In the end, I don't know that the human race will ever agree on what "peace" is, let alone if we will all agree that that is what we should seek. But Aikido, like yoga, asks us to train our bodies and our beings to discover that place of peace for ourselves. Peace, I think, cannot be given to others. But I like to think that I can find it within myself; and that if I do, that that will be a good thing not only for me, but for others as well.
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Old 09-13-2010, 05:46 AM   #53
Gorgeous George
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Re: Peace

Quote:
Willi Brix wrote: View Post
Well, since you bring up the "Religion of Peace", it is also worth reminding that when discussing this, people should agree on the definition of the word. Otherwise, you talk past each other.

As Bassam Tibi points out:
"Both sides should acknowledge candidly that although they might use identical terms, these mean different things to each of them. The word peace, for example, implies to a Muslim the extension of the Dar al-Islam -- or House of Islam -- to the entire world. This is completely different from the Enlightenment concept of eternal peace that dominates Western thought. Only when the entire world is a Dar al-Islam will it be a Dar a-Salam, or House of Peace."
That's a very good point - and I didn't know that about islam; it reminds me of the socialist view of peace: that the entire world must become socialist in order for peace to come about. Given such a means, the Nazis could be said to be peaceful.

Where I see aikido differing from these perspectives is that you accept others - you accept the way things are, and do not resist: you yield to them; I think this is the same in prinicple as Zen, and the reason why so much is made of the similarity between the two. And for me, this is the correct approach: I spent so much time as a youth struggling to reconcile reality with ideals, and manufactured notions of what is just, what is right, and how things should be; I finally realised that regardless of the way things should be, they will always be whatever they are (viz., contrary to what makes sense/is seen to be just).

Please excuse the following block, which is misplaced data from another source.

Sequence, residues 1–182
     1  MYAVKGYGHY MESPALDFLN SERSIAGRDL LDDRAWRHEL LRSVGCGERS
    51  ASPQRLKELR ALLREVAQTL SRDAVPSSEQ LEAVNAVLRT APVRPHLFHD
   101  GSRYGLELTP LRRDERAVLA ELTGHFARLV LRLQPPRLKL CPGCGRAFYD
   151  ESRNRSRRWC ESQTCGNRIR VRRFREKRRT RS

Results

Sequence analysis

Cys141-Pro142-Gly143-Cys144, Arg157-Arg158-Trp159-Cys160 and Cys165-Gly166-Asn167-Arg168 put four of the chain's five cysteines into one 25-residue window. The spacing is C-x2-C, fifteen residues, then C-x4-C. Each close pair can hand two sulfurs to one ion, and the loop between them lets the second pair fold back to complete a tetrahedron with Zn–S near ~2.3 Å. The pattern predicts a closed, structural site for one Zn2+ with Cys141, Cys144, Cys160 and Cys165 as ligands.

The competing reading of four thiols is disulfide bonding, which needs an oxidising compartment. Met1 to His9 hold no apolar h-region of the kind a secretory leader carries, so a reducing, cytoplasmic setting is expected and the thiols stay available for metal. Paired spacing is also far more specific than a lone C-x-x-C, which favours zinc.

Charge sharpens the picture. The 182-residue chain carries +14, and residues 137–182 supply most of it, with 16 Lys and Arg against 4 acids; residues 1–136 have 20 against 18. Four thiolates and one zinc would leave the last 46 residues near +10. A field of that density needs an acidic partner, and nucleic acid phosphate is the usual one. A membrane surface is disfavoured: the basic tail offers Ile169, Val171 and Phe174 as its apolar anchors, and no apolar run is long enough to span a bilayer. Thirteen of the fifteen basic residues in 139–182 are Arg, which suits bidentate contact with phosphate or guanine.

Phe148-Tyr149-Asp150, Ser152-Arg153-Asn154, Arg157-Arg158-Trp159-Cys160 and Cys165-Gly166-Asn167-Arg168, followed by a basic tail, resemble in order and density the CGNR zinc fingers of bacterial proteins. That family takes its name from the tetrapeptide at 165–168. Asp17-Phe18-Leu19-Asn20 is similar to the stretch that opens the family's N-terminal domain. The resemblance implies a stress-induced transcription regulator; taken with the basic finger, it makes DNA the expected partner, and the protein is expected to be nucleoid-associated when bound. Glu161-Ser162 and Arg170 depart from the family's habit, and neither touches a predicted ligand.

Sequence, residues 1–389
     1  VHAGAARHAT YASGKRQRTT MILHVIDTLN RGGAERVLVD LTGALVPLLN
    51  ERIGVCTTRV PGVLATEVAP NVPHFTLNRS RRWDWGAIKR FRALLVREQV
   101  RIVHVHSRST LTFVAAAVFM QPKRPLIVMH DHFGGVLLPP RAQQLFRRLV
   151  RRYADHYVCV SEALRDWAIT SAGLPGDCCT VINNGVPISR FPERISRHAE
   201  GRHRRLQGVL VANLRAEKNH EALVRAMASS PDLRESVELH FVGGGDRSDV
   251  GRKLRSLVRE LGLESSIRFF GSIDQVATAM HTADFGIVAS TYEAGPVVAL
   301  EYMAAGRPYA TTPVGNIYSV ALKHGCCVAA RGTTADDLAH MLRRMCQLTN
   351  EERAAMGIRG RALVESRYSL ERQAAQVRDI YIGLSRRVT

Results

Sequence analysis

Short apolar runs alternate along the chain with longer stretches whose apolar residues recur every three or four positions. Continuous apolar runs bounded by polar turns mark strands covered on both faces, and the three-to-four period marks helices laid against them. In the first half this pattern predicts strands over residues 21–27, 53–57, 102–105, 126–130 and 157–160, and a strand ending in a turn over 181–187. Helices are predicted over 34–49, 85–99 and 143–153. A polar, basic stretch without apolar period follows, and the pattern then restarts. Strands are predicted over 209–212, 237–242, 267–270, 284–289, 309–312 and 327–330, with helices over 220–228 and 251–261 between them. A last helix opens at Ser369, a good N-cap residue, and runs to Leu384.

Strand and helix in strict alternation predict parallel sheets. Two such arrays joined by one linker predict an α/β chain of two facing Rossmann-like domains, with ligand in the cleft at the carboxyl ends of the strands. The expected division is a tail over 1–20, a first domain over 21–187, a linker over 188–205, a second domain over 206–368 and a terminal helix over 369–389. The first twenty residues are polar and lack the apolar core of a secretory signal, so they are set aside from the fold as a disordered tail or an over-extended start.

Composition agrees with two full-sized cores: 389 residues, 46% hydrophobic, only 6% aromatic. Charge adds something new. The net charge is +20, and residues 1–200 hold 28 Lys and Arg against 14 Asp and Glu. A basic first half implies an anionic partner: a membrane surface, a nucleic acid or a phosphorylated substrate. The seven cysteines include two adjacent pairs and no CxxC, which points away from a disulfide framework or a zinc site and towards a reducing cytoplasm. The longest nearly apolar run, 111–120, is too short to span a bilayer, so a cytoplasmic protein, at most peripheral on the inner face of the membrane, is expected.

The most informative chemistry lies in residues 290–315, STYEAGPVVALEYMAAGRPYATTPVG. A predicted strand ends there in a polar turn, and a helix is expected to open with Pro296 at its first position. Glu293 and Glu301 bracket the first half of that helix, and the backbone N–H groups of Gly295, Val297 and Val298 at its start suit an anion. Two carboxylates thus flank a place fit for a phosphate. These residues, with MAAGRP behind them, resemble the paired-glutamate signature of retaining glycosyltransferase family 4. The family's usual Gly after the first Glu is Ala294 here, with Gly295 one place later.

And this is where a lot of the reproaches against these religions - such as Christianity and islam - which have given us millennia of war, persecution, and genocide are aimed: at their lack of acceptance, and focus on denial and repression.
Peace through such a system seems a bleak prospect (especially if it is achieved via the eradication of 'unpeaceful' others/anybody different).
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Old 09-13-2010, 11:19 AM   #54
jonreading
 
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Re: Peace

I saw a reference to the "bu" kanji as laying down arms. Again, I am not sure that some of Aikido's [more sensitive?] interpretations may be entirely correct. I think the more militant interpretation of halting the spear may be a better interpretation of this kanji. And again, I think this term more closely implies a equilibrium of opposition, rather than a state of peace.
For example, [if] in order to prevent the rival lord from taking my land I must match his arms to create a state of equilibrium, [then] I may correctly interpret that this action prevented war. Is this peace? Arguably, yes. Would the rival lord take my land if I did not prevent him? Arguably, yes. I think harmony is a better word to describe this tenuous relationship, not peace. Or, in modern era, was the US really at peace with Russia? Arguably, yes. Did many of us go to bed at night fearful that one government may push the button that would evaporate the Earth. Yes. Is this really "peace"? I don't buy it; peace is something that should give us comfort and put our souls at rest, it is the absence of conflict [i.e. war]. Peace is the reconciliation of emotions that accompanies decisions which establish harmony, not an action itself. I don't like the idea that my peace is subject to your activities. I am looking for that [peaceful] state of being which is self-reliant, not dependent...
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Old 09-13-2010, 11:59 AM   #55
Gorgeous George
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Re: Peace

Quote:
Jon Reading wrote: View Post
Or, in modern era, was the US really at peace with Russia?
They were at war with Russia: it was called The Cold War.

According to Mitsugi Saotome:

'The kanji is made up of the character hoko which means "spear" and symbolizes weapons in general, and the character todomeru, which means "to stop". Thus bu means to stop weapons. [...] As the kanji implies, the original intent of bu was to stop war, to protect people from weapons.'